Reynold Reynolds was born in 1966 in Central Alaska. During his undergraduate schooling at the University of Colorado at Boulder, Reynolds studied Physics receiving a Bachelor’s degree under the professorship of Carl Wieman (Physics Nobel Laureate 2001). Changing his focus to studio art he remained two more years in Boulder to study under experimental filmmaker Stan Brakhage. After moving to New York City Reynolds completed an M.F.A. at the School of Visual Arts.
Influenced early on by philosophy and science, and working primarily with 16mm as an art medium, he has developed a film grammar based on transformation, consumption and decay. Detailed evolving symbols and allusive references create a powerful pictorial language based on Reynolds’ analytical point of view. His depiction of people often makes us aware of the small frames we use to understand reality. By subtly altering the regular conditions of life and watching their effects, he transfers the experimental methods of science to filmmaking, where he frames reality in his laboratory and changes one variable at a time to reveal an underlying causality.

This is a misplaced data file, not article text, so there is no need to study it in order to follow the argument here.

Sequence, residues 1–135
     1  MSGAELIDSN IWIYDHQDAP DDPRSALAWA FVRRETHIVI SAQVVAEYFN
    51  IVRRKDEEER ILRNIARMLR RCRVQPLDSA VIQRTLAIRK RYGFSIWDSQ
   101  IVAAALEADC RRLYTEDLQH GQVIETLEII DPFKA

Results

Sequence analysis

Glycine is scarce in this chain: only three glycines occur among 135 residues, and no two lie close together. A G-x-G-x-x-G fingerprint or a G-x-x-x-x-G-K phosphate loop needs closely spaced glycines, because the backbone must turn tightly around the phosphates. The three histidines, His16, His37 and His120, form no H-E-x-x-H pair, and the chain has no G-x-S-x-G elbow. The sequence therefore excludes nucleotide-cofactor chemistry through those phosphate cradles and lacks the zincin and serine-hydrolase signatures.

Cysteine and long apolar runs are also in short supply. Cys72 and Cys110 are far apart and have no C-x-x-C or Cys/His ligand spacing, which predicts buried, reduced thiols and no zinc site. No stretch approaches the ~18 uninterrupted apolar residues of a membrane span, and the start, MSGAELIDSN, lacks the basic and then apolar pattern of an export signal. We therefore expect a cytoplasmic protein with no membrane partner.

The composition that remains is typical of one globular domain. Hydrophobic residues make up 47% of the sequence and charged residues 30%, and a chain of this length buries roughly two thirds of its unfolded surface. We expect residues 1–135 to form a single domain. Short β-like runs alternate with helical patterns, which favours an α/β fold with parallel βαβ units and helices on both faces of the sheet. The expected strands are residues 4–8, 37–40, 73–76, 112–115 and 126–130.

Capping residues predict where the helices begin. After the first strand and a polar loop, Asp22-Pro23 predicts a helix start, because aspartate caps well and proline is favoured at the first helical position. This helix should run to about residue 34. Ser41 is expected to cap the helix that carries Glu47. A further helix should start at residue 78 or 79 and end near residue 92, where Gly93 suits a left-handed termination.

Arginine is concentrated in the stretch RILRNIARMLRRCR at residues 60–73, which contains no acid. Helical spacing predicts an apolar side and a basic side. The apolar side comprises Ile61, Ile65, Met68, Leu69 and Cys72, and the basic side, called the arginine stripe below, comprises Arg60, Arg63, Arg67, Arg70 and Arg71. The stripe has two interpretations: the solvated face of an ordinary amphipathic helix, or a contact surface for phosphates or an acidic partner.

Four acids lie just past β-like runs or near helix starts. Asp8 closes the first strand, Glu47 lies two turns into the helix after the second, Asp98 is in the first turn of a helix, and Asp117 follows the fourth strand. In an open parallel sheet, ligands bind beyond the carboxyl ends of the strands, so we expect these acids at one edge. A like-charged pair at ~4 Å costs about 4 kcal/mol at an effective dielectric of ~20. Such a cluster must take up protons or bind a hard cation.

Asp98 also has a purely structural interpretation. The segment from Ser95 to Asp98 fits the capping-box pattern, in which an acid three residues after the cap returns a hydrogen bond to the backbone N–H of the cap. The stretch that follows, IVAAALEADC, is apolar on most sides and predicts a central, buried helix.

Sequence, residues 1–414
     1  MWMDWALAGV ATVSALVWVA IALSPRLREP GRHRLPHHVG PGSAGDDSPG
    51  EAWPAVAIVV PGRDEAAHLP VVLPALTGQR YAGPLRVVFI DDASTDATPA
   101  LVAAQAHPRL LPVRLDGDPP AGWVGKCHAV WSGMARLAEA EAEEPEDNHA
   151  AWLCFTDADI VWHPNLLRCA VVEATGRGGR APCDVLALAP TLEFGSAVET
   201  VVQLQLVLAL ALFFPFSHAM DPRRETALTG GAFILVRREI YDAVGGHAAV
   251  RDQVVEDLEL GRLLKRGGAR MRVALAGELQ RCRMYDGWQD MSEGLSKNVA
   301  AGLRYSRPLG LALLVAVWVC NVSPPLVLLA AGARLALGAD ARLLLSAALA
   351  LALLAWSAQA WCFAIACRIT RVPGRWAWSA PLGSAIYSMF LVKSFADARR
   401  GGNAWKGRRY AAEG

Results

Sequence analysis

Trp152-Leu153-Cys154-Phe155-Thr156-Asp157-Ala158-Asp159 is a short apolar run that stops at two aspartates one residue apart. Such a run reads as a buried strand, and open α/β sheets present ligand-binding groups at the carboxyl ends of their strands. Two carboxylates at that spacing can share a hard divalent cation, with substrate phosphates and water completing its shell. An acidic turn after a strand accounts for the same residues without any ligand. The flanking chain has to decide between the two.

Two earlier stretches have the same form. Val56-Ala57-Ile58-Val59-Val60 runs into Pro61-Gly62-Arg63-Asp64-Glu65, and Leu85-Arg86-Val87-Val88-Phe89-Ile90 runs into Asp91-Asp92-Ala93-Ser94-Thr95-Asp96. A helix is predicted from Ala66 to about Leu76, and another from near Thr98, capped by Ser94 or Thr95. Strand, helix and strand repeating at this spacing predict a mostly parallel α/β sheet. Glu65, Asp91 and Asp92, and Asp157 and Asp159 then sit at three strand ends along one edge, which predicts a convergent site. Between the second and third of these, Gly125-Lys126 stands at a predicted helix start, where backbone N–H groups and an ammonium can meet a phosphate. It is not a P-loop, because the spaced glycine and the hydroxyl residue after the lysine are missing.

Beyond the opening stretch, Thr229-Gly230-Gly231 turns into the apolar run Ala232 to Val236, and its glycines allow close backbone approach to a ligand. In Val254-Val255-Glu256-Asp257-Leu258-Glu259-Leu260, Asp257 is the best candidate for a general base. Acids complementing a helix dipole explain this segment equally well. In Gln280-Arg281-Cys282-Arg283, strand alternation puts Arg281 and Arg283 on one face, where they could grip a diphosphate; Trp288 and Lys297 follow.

In 2003 Reynold Reynolds was awarded the John Simon Guggenheim Memorial Foundation Fellowship and in 2004 invited to The American Academy in Berlin with a studio at Kunstlerhaus Bethanien for one year. In 2008 he received support from the German Kunstfonds to develop two projects in Berlin. Reynolds has received numerous awards for his film work, including the Festival Award for “Secret Life” at the European Media Art Festival Osnabrueck, 2008, the ‘09 Distinction Award for “Six Apartments” at Transmediale Berlin and Honorable Mention “Secret Life”, at Chicago Underground Film Festival, 2012
At the beginning of 2013 he was awarded the Joseph H. Hazen Rome Prize and will spend 11 months at the American Academy in Rome working on a new film project starting September 2013.